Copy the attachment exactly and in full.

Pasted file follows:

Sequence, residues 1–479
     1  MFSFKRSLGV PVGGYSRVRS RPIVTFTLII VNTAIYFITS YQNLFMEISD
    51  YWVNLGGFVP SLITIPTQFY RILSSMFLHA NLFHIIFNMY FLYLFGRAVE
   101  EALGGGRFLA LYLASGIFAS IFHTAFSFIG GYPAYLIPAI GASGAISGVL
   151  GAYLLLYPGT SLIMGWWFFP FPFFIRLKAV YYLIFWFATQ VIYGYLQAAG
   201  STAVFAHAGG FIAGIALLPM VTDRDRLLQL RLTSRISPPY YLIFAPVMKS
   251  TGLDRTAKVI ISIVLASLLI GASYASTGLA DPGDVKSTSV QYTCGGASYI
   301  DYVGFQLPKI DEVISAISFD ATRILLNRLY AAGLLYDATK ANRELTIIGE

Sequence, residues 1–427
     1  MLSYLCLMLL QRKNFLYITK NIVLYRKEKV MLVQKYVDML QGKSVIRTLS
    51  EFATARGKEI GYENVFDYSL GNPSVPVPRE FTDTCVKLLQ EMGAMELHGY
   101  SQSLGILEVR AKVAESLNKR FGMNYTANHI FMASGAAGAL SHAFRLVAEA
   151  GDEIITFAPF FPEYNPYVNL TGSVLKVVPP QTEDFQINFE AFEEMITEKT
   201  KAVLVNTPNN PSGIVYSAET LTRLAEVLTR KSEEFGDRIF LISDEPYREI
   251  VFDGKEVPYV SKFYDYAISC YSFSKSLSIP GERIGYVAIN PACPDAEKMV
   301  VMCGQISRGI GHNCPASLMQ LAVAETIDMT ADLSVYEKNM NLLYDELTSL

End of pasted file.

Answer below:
Sequence, residues 1–479
     1  MFSFKRSLGV PVGGYSRVRS RPIVTFTLII VNTAIYFITS YQNLFMEISD
    51  YWVNLGGFVP SLITIPTQFY RILSSMFLHA NLFHIIFNMY FLYLFGRAVE
   101  EALGGGRFLA LYLASGIFAS IFHTAFSFIG GYPAYLIPAI GASGAISGVL
   151  GAYLLLYPGT SLIMGWWFFP FPFFIRLKAV YYLIFWFATQ VIYGYLQAAG
   201  STAVFAHAGG FIAGIALLPM VTDRDRLLQL RLTSRISPPY YLIFAPVMKS
   251  TGLDRTAKVI ISIVLASLLI GASYASTGLA DPGDVKSTSV QYTCGGASYI
   301  DYVGFQLPKI DEVISAISFD ATRILLNRLY AAGLLYDATK ANRELTIIGE

Sequence, residues 1–427
     1  MLSYLCLMLL QRKNFLYITK NIVLYRKEKV MLVQKYVDML QGKSVIRTLS
    51  EFATARGKEI GYENVFDYSL GNPSVPVPRE FTDTCVKLLQ EMGAMELHGY
   101  SQSLGILEVR AKVAESLNKR FGMNYTANHI FMASGAAGAL SHAFRLVAEA
   151  GDEIITFAPF FPEYNPYVNL TGSVLKVVPP QTEDFQINFE AFEEMITEKT
   201  KAVLVNTPNN PSGIVYSAET LTRLAEVLTR KSEEFGDRIF LISDEPYREI
   251  VFDGKEVPYV SKFYDYAISC YSFSKSLSIP GERIGYVAIN PACPDAEKMV
   301  VMCGQISRGI GHNCPASLMQ LAVAETIDMT ADLSVYEKNM NLLYDELTSL